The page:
Wednesday, June 14, 2006

RIP Luiz Jimenez :: Sculpture entitled The Sodbuster

Sometime in the late 80's, Luis Jimenez loaned his sculpture entitled The Sodbuster to the El Paso Natural Gas Company for display. While I did not see it on display (photo by my boss at the time, James Dean) I found a wonderful 8x10 print in the files at the company when I worked in the PR department a decade later.

Sadly, Luiz Jimenez died yesterday and the world has lost an incredibly gifted and innovative artist whose sense of fun and irony permeated all his works, including his most controversial, "End of the Trail (with electric sunset)."

Article Launched: 06/14/2006 12:00:00 AM MDT

Accident kills creator of plaza's 'Lagartos'
By Daniel Borunda / El Paso Times
El Paso Times
Luis Jimenez, the El Paso native whose fiberglass sculptures made him an internationally prominent artist, was killed Tuesday morning in a freak accident in his art studio in Hondo, N.M., authorities said.

Jimenez, 65, was the most famous artist to come out of El Paso, with his work recognized from barrios to President Bush's ranch home near Crawford, Texas.

Around 11:50 a.m. Tuesday, Jimenez and two of his employees were moving a large statue piece with a hoist when the piece got loose, struck Jimenez and pinned him to a steel beam at Jimenez Studios, Lincoln County Sheriff R.E. "Rick" Virden said in a news release.

Jimenez received a severe leg injury and died at Lincoln County Medical Center in nearby Ruidoso.

The death of Jimenez created a shock as it spread by word of mouth through the arts community in El Paso, where Jimenez's "Vaquero" and "Plaza de Los Lagartos" sculptures have become civic landmarks.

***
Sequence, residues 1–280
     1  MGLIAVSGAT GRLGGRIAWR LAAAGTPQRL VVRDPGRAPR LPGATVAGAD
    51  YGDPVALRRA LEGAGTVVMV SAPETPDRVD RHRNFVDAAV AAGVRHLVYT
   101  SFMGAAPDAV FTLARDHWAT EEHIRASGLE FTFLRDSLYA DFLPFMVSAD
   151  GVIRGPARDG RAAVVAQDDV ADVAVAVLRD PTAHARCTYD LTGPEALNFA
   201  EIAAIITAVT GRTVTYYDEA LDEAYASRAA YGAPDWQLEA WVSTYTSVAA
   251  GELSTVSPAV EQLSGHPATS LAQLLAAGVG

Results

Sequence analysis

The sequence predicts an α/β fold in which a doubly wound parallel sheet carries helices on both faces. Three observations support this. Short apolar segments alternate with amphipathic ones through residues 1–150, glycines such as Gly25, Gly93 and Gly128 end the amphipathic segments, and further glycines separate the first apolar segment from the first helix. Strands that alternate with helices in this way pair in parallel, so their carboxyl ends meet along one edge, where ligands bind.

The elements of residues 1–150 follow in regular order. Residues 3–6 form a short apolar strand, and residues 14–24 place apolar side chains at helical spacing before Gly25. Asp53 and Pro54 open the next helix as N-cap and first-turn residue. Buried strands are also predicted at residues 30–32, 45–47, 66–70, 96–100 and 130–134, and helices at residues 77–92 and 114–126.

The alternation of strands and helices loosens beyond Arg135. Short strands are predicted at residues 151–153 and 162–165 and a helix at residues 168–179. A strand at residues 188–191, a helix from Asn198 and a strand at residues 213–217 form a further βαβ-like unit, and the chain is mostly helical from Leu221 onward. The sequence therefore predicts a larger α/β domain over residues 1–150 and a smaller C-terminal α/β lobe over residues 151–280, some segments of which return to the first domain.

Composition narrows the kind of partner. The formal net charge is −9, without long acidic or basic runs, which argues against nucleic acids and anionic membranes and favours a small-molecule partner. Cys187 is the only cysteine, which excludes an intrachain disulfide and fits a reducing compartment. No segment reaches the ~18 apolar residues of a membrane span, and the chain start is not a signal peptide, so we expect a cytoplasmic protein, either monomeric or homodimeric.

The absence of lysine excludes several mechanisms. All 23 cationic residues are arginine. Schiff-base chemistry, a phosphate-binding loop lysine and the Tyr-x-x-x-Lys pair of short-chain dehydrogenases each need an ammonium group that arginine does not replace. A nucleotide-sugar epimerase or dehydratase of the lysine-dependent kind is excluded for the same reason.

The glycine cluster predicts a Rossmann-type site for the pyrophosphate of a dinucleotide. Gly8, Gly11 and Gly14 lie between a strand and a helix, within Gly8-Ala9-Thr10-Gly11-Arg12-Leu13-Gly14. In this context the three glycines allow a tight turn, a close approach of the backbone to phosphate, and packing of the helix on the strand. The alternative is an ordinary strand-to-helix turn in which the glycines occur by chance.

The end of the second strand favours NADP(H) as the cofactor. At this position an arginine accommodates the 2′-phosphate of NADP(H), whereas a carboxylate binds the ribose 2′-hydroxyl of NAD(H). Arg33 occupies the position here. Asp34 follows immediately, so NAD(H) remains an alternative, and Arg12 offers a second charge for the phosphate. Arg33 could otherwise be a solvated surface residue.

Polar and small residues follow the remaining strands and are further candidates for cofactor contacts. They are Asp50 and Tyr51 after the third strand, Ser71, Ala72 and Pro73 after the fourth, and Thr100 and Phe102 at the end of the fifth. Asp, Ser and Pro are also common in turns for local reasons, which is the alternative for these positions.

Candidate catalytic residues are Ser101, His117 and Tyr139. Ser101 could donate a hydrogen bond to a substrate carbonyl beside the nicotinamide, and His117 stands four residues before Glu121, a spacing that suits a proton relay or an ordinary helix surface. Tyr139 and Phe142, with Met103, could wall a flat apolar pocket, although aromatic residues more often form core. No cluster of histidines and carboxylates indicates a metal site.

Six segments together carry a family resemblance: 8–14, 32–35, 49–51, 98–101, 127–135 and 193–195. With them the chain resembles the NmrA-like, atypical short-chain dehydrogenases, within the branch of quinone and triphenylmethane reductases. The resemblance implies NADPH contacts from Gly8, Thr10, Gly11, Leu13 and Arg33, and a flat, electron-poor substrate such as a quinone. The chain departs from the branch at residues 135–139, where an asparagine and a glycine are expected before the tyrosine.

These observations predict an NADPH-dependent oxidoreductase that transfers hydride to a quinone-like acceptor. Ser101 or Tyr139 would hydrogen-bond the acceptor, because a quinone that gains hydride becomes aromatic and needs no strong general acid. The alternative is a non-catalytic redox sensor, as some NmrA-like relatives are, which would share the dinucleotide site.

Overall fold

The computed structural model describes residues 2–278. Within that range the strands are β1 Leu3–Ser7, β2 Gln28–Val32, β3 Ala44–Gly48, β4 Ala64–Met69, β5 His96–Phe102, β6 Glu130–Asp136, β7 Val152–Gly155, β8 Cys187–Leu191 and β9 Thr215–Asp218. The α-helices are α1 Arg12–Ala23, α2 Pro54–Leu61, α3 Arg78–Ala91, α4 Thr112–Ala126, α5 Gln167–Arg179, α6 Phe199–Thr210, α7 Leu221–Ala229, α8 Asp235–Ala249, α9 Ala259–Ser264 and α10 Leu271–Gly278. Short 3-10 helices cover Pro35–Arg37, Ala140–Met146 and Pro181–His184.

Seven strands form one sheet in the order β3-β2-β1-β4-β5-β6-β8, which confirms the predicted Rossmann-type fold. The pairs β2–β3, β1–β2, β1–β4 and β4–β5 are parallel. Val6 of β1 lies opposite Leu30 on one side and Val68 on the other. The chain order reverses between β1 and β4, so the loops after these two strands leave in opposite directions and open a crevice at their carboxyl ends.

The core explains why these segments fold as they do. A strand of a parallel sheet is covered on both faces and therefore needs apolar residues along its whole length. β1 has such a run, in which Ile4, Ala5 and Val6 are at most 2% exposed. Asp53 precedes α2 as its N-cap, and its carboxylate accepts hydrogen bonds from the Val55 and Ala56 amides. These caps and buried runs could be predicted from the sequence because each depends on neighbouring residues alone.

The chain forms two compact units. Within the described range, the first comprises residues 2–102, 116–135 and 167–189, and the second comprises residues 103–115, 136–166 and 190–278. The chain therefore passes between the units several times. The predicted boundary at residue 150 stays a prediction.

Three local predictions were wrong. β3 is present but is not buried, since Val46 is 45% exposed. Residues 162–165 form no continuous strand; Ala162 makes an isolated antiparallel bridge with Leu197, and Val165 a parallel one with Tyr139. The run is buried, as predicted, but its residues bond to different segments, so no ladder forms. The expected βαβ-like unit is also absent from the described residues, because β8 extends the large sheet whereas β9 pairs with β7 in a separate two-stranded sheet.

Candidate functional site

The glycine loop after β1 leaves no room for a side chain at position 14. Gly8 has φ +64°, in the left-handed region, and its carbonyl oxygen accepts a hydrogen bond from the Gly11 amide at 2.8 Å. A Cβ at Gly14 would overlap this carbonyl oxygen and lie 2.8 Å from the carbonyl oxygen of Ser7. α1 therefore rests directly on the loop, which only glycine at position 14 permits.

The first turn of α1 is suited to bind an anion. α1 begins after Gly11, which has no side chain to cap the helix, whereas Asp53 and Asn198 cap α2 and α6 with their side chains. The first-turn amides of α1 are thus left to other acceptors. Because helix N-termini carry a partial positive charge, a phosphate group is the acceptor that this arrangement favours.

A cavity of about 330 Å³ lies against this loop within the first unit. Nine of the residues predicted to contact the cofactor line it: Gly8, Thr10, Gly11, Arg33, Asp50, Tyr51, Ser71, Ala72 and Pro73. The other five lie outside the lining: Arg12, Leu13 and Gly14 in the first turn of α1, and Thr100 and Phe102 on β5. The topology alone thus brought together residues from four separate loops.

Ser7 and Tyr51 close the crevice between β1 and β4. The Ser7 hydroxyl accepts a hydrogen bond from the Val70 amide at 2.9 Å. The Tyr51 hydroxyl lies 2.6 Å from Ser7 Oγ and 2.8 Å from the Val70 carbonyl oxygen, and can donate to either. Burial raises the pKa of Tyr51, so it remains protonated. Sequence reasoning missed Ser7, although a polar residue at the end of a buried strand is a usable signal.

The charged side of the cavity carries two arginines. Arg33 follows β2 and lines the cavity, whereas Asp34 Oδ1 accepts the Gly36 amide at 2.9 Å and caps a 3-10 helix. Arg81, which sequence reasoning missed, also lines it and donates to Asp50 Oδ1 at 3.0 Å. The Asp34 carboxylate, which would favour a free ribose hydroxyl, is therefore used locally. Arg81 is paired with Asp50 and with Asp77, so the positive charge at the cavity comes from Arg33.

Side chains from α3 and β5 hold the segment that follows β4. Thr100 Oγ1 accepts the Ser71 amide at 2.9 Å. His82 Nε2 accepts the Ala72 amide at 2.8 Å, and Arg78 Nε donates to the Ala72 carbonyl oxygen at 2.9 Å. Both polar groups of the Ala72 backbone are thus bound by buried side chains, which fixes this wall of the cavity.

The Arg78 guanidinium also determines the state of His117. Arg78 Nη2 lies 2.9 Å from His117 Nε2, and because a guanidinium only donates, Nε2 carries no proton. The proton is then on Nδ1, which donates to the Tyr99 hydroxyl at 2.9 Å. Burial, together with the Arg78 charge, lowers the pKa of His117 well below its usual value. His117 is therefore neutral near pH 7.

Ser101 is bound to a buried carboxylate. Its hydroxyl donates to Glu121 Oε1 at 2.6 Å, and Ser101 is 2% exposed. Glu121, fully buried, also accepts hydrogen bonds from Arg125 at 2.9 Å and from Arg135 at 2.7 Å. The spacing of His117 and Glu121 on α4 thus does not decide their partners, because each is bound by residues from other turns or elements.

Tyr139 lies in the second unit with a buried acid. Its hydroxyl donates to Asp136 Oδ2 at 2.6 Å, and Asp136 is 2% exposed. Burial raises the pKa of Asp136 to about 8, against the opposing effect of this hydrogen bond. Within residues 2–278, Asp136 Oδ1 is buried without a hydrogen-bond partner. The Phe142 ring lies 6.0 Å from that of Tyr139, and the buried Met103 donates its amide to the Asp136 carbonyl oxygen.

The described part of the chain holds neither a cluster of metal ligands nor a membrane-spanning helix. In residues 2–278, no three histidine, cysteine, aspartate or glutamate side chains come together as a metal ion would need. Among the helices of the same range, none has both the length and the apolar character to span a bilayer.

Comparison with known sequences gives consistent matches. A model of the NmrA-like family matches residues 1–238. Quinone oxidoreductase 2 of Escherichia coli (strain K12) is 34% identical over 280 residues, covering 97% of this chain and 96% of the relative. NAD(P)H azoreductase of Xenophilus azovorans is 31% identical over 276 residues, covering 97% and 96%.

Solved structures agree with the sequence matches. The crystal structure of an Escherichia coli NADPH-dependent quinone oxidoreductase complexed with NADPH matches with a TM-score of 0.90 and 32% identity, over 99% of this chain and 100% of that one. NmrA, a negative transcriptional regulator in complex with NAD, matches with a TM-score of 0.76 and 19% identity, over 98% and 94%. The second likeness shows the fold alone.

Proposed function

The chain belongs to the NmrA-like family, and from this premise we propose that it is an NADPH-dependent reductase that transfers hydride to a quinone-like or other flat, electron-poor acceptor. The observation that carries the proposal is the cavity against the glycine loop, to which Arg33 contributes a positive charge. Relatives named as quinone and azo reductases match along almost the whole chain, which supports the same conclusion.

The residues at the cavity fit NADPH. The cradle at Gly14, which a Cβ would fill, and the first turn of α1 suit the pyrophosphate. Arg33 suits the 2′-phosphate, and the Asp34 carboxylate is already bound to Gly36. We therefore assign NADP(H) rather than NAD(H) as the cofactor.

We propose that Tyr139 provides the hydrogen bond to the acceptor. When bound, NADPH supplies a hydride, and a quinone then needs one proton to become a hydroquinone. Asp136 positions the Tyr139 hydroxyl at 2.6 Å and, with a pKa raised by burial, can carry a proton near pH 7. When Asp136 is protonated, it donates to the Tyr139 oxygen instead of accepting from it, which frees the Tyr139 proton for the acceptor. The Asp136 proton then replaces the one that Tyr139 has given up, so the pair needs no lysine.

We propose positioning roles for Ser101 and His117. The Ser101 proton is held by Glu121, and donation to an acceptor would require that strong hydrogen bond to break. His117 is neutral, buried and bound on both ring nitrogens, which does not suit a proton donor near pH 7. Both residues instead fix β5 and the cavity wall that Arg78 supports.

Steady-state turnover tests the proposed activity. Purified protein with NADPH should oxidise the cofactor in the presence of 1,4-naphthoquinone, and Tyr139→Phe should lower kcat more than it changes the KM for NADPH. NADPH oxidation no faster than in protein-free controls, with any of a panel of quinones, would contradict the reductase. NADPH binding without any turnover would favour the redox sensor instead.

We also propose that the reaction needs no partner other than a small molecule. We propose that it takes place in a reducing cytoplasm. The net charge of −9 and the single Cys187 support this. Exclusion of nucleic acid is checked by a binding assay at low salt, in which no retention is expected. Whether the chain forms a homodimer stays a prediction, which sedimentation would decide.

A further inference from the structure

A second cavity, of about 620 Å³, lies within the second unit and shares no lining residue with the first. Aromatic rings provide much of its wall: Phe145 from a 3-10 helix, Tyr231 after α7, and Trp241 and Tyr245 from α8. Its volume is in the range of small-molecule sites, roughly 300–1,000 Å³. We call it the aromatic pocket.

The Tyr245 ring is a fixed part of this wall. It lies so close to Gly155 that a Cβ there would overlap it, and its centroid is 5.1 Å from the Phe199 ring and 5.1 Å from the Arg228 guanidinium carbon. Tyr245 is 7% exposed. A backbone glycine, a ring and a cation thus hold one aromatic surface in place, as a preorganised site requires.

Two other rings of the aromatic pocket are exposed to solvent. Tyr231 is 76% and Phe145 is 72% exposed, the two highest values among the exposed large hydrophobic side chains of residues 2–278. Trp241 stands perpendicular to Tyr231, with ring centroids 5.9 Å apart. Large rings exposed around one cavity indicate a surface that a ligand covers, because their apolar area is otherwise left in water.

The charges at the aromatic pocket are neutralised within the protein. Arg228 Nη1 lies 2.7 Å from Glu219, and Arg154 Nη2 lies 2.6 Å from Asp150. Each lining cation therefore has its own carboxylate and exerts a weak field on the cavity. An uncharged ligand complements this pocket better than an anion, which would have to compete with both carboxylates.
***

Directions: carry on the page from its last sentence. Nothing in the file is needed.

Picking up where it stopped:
Jimenez was a major figure in Chicano art and a pioneer in public art. His vibrant fiberglass sculptures are found in parks from Albuquerque to Fargo, N.D., home of "The Sodbuster" statue.

Last week, the Cleveland Plain Dealer newspaper reported he was working on a Cleveland Firefighters Memorial that was to be ready by the fall. The statue was supposed to be finished by the end of 2004, but the date was pushed back in part because Jimenez had suffered two heart attacks.

"He was one of the most original artists on the planet," said Becky Duvall Reese, the former director of the El Paso Museum of Art. Jimenez's "Vaquero" -- a 20-foot-tall statue of a Mexican cowboy on a bucking horse -- stands in front of the museum.

Jimenez's work often reflected his border and Southwestern roots. He often said he was inspired by his sign-maker father, a Mexican immigrant.

"I have a way of looking at the world that is somewhat unique, that is not maybe totally mainstream," Jimenez said in a 1995 interview with the El Paso Times. "I would hope that I've helped people have insights into the world we are living in."

Art gallery owner Adair Margo said Jimenez will live on in his work, including the "Texas Waltz" lithograph purchased by first lady Laura Bush that is now at the Bush ranch home.

"I think Luis shared this border region with the world. Those images will continue to live on," Margo said. "You look at the images he left us, you realize he was a voice that mattered, that gave form to this region and communicated it with people. He was a man of just incredible talent, but he also had great generosity of spirit."

Daniel Borunda may be reached at dborunda@elpasotimes.com; 546-6102.

El Paso Times reporter Adriana M. Chávez contributed to this report.

Photo by James Dean

Tuesday, June 13, 2006

Heavy Cloud, No Rain

Sadly, if you drive along the newly completed section of Loop 375, you can see those who are most likely to care less whether downtown is revitalized or
Franklin Mountain Poppies